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Hekmati stopped to thank supporters as he left Flint Bishop airport.

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Flint — Amir Hekmati is home.

The 32-year-old former Marine, who spent the past four and a half years in an Iranian prison, stepped off a plane at around 4:10 p.m. on Thursday at Flint Bishop International Airport.

“I’m happy to finally be home,” Hekmati told reporters gathered on the snowy tarmac. “It’s been a very long road.”

Hekmati was not expected to speak to the press, but as he did Tuesday in Germany, the Flint resident chose to talk. His mother, who was expected to greet him inside a private terminal, also could not wait. She stepped through the door to greet her son in the 27-degree weather.

“Very strong woman,” Hekmati said as they hugged.

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Hekmati thanked God, President Barack Obama, U.S. Rep. Dan Kildee and “everyday Americans” who had worked for his release or supported him in prison.

“I’m standing here healthy, tall and with my head held high,” he said. “I’m glad to be here and appreciate everyone’s support.”

Hekmati had arrived on U.S. soil earlier Thursday after flying to an undisclosed location from Germany, where he and other three other prisoners freed Sunday were evaluated and treated at the Landstuhl Regional Medical Center.

He flew to Flint with twin sister Leila, sister Sarah and her husband, Ramy Kurdi, who had joined him in Germany. Their children, Sami, 7, and Maya, 5, then boarded the plane with U.S. Rep. Dan Kildee, who had long advocated for Hekmati’s release and met him for the first time Sunday in Germany.

Other family members greeted Hekmati in a private terminal. His father, who is battling brain cancer, was unable to join them but will soon see his son again.

While details of the homecoming were not widely publicized, several military veterans and supporters gathered at the airport, including members of the local Marine Corps League Flint Detachment.

As he left the airport, Hekmati saw the crowd, had his vehicle stopped and got out to hug supporters. He said to cheers: “I couldn’t have done it without you.”

“He’s one of my comrades,” said Daniel Foster, a former Marine who drove down from Saginaw Township. “We just want to let him know that four years and however many days was too long. We’re glad to have him back here.”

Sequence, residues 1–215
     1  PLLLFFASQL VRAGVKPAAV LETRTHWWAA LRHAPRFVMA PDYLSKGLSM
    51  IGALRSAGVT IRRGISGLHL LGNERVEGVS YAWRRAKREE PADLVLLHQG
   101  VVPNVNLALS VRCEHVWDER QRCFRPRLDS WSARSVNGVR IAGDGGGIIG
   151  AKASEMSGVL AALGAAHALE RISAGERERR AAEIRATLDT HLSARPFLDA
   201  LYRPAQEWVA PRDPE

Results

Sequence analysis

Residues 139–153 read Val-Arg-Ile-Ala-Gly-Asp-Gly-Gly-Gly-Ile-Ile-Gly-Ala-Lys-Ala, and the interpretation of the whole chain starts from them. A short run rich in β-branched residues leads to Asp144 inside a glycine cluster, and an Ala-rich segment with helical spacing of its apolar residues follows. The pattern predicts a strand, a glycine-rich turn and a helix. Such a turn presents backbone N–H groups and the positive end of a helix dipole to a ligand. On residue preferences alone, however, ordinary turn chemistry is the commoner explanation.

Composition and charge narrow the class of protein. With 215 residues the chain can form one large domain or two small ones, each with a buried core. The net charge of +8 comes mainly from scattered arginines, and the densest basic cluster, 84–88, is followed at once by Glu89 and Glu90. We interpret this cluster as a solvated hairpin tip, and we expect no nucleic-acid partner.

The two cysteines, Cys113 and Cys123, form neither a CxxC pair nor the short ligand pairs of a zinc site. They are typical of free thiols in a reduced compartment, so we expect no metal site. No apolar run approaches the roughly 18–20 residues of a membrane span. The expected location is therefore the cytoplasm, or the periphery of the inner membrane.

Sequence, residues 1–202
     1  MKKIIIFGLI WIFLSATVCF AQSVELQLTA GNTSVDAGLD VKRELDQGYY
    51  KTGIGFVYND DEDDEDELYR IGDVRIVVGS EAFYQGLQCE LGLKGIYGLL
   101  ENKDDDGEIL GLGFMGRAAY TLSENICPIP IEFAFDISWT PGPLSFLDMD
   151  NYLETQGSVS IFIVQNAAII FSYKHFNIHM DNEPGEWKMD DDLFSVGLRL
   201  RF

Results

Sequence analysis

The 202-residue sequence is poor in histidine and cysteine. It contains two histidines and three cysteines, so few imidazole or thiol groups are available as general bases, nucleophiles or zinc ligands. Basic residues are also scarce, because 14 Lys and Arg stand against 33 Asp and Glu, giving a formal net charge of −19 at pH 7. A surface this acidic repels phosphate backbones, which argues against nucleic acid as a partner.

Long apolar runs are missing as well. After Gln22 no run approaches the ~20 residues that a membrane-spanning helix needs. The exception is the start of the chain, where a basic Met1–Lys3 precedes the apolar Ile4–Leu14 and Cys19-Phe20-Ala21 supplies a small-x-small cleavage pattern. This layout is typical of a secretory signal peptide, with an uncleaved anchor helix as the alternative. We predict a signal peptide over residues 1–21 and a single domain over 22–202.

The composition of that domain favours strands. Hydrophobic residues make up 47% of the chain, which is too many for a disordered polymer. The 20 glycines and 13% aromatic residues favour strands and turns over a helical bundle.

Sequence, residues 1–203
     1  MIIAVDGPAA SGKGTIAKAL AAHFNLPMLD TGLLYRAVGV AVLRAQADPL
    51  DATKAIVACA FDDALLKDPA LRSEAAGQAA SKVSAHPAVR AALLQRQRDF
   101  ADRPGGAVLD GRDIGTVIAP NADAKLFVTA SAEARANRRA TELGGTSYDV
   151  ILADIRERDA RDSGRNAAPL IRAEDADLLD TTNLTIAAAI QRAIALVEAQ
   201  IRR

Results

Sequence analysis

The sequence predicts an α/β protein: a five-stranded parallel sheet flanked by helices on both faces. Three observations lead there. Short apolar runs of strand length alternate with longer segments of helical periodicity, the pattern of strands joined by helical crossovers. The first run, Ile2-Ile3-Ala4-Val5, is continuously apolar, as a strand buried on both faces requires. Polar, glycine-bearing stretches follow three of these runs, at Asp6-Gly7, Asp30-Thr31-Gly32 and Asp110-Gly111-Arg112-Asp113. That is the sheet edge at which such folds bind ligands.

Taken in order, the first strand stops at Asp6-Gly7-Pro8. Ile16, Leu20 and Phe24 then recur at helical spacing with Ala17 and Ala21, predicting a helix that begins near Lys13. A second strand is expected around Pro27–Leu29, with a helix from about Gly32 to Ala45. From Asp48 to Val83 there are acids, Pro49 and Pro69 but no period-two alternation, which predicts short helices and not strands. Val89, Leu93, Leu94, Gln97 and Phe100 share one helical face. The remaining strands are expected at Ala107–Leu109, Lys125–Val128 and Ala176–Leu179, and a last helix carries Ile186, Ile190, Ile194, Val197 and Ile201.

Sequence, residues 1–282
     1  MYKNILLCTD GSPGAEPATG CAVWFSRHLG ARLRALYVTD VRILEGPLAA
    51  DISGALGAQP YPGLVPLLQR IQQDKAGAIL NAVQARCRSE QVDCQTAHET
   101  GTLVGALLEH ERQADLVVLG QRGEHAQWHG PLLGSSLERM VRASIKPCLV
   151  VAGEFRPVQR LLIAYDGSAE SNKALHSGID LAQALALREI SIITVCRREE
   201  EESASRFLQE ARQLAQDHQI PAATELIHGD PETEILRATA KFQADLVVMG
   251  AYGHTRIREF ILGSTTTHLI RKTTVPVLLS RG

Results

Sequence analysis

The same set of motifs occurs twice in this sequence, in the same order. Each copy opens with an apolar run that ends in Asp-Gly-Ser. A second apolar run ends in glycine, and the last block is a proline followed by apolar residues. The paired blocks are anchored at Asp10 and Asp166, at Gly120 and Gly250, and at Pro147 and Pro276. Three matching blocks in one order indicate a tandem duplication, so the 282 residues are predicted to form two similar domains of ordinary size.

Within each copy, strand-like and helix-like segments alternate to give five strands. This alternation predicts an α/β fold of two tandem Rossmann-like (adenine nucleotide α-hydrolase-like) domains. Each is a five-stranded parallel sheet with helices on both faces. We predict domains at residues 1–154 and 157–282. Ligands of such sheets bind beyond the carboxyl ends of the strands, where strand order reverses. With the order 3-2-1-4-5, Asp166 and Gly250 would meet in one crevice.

Joanne Holmquist of Swartz Creek, who quietly dropped off a “Welcome Home” card with hopes that Kildee’s office could deliver it to Hekmati, said she was making good on a promise to Sarah Hekmati, who she met several years ago at a Veterans Day event.

“I talked to her there and told her I would pray for her and call as many people up as I could to get him home,” she said. “He’s an American, he’s a native son and, most of all, he’s a Marine.”

Hekmati, born in Arizona and raised in Michigan, was the longest-held American prisoner in Iran. He had been in prison for more than 1,600 days following his arrest on Aug. 29, 2011.

He had been arrested while visiting his grandmother in Iran and accused of spying, a charge U.S. officials have repeatedly denied. His initial death sentence was tossed, and in 2014 he was resentenced to 10 years in prison on a lesser charge.

Hekmati was one of four Americans freed in a prisoner exchange finalized Saturday by the United States and Iran. Washington Post reporter Jason Rezaian, pastor Saeed Abedini and Nosratollah Khosravi were also released.

Obama discussed the prisoner exchange on Sunday — one day after he signed executive orders lifting some economic sanctions on Iran as part of a nuclear deal brokered last year. The International Atomic Energy Agency certified that Iran had met its obligations under that deal, which requires curbs on its nuclear program.

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